The tunnels themselves were not new during World War II; smaller ones had first been dug during the Middle Ages as a means of communication between soldiers as part of the fortress's defense system. They were expanded during the Napoleonic, with the narrow hallways serving as barracks for up to 2, 000 British soldiers (and to date, were the only tunnels that ever served as barracks). The tunnels were once again expanded during World War II during which time they served as a hospital, an air raid shelter and the nerve center for the evacuation of both British and French soldiers from across the English Channel during the Battle of Dunkirk. Code named "Operation Dynamo", under the direction of Admiral Sir Bertram Ramsey, a total of 338,000 British and French soldiers were rescued from the beaches of Dunkirk, France and carried across the Channel to England. As the war continued, the tunnels became a telephone operations center whose needs grew so much that the tunnels were further expanded. During the Cold War the tunnels were the planned regional seat of government for 300 military and government leaders should a nuclear attack occur. NATO even carried out secret exercises on the site in the days before the Cuban Missile Crisis. Fortunately, they were never needed for this purpose. Today, the total length of the tunnels and rooms, some of which are inaccessible, are up to 150 feet below the surface and are just over three miles long length. And after years of being closed up and forgotten, they are open to the public.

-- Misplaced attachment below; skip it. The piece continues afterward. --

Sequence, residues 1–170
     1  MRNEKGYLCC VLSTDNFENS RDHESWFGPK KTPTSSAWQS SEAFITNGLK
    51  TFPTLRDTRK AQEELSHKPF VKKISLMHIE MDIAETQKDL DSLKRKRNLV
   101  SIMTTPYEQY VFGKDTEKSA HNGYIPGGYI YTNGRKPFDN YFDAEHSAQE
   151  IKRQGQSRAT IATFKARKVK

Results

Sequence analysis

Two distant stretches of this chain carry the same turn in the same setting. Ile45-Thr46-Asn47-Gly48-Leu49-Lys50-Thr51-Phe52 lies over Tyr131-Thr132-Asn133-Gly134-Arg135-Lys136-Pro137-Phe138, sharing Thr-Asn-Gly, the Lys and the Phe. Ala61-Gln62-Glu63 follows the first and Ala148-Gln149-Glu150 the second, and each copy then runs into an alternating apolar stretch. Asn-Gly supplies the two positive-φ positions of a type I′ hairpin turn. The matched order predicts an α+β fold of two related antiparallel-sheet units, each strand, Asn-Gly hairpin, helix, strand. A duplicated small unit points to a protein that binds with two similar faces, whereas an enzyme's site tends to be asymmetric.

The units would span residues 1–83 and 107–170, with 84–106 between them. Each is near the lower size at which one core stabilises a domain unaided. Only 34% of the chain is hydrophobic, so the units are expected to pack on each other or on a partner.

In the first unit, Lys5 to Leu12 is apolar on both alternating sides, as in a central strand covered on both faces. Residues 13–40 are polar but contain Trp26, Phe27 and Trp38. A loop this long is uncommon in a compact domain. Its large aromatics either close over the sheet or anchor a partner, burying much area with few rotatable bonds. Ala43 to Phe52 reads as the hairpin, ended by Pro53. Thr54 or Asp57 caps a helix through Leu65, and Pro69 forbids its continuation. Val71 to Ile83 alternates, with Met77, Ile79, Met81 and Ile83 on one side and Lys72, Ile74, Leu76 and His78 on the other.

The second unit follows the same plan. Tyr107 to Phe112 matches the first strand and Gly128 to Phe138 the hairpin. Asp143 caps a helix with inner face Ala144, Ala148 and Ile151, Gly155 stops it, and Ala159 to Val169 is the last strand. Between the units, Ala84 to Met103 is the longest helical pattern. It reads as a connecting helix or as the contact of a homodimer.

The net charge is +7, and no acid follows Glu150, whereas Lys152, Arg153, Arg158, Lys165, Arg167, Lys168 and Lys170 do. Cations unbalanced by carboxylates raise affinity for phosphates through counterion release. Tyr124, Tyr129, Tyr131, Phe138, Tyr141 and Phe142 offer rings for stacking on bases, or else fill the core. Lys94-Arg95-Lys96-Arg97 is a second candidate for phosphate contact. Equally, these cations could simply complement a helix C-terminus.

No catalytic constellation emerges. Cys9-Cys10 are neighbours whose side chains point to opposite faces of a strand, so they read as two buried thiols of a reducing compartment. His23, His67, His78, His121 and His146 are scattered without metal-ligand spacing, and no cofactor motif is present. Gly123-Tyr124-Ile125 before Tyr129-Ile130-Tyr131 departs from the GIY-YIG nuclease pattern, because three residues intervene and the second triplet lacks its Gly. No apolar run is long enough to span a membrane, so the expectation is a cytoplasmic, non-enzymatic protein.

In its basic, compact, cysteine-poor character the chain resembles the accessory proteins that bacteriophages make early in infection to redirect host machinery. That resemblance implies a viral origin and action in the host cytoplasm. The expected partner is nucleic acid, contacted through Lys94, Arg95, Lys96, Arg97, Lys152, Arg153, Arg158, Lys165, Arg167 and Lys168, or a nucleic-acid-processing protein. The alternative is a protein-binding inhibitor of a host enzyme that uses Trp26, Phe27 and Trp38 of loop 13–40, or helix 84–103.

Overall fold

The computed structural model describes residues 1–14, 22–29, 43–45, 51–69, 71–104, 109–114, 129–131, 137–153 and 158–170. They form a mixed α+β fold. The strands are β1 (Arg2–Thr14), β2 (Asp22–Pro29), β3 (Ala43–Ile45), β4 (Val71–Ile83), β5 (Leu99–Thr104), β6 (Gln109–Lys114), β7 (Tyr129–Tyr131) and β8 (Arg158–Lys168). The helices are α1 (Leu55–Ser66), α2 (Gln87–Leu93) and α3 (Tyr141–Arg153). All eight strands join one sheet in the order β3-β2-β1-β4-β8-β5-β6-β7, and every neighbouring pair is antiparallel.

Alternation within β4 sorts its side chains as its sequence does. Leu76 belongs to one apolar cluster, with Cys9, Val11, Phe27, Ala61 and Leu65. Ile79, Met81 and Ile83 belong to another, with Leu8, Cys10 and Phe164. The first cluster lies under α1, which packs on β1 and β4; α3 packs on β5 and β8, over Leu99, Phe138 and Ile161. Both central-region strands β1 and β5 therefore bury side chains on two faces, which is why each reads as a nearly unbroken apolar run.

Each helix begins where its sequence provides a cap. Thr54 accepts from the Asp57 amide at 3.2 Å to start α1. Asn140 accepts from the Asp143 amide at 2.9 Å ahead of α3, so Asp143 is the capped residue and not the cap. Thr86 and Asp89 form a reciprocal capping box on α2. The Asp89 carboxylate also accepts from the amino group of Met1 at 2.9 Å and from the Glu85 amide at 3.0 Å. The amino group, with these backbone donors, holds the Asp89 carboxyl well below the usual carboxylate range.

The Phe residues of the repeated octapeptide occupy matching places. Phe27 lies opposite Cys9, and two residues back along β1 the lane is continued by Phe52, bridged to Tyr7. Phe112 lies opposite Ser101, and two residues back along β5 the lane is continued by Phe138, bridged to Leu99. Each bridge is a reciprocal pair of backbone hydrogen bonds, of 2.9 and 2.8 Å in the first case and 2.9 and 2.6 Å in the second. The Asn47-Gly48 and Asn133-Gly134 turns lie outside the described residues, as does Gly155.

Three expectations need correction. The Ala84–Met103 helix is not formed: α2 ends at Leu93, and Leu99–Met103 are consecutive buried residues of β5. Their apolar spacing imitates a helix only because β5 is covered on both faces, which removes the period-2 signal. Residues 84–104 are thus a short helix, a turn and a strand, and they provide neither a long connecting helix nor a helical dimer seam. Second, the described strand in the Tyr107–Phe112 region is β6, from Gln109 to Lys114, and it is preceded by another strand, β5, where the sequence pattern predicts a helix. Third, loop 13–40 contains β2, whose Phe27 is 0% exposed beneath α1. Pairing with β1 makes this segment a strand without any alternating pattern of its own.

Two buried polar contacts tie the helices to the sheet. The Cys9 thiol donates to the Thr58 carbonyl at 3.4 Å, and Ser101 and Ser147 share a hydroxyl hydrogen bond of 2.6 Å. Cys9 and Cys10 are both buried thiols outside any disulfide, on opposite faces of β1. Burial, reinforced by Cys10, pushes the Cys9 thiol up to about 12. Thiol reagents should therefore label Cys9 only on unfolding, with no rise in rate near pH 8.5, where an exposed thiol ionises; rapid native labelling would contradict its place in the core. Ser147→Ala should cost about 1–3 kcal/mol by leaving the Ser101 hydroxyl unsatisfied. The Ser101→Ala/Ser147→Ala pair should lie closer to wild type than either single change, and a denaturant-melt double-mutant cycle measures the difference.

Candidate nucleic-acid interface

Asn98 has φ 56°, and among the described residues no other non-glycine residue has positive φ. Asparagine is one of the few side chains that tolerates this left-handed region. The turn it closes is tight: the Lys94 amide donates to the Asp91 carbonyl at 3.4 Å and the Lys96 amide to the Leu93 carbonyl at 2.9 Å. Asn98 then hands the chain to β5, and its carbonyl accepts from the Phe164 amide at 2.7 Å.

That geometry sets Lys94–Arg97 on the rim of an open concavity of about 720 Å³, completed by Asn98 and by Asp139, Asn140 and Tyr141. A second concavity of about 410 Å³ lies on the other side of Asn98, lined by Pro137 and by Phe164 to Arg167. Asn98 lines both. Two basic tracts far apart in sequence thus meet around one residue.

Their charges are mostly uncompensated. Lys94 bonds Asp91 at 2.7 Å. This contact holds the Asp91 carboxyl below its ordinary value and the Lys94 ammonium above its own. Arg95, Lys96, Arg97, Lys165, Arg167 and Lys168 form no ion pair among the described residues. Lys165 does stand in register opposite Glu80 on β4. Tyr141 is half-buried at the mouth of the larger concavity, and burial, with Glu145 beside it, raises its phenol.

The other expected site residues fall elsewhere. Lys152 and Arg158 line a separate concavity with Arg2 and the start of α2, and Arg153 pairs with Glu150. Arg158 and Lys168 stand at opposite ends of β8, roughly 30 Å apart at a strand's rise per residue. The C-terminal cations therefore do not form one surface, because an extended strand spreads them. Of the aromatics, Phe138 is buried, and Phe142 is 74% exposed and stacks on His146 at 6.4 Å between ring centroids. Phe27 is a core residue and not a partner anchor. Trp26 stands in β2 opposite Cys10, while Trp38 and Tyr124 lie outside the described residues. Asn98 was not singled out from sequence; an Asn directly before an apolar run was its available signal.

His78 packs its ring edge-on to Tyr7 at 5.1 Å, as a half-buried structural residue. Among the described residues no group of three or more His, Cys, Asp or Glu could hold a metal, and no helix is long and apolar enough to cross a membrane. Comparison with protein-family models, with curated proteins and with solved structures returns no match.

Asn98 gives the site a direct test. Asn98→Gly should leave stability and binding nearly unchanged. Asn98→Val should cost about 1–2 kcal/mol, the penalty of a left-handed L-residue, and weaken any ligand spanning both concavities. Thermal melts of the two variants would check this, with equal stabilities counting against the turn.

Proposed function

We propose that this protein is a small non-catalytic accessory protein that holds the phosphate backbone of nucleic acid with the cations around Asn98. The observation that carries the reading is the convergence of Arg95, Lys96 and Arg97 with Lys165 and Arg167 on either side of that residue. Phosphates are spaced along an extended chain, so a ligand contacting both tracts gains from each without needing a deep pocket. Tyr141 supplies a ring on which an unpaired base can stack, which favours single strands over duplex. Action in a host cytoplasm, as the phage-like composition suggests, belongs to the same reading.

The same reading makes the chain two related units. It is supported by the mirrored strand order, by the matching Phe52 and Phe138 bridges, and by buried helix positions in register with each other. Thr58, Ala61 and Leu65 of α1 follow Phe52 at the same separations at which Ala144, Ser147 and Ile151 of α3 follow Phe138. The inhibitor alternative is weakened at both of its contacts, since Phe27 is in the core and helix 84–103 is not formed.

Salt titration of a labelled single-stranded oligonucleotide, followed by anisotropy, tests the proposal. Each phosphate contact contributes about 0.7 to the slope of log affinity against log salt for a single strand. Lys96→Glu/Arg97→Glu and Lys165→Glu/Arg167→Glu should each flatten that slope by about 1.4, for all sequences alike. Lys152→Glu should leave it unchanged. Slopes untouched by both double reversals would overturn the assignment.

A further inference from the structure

The overall exhibit was quite impressive. We entered the tunnels on their land side before emerging an hour later on the other side with a sweeping view of the English Channel. But I'm getting ahead of myself. One of my favorite things about touring foreign (from an American's perspective) historical site is learning about history from a different perspective. And this tour did not disappoint. First our tour guide led us down a long narrow set of stairs deep into the cliff walls and through a series of scenario rooms depicting the various phases of the war. Sitting on a bench in a chilly and dimly lit room, we heard Winston Churchill's announcement that Britain had entered the War. We were later "evacuated" down the tunnel into another chamber where we viewed maps and charts depicting the routes of the fighting armies. We were allowed to peek into rooms that served as offices, living quarters and the telephone operations center. The tour concluded with a self guided tour of other period documents and memorabilia. It amazed me to think that this virtual city unknowingly existed right under cliffs.
|A view from the tunnel; it is easy to understand why these tunnels were|
so strategically important
If you go:
Dover, Kent UK
Tel: 0870 333 1181
Tunnel tours are included in the price of castle admission and take place every 20 minutes. Wait times may be lengthy during peak times.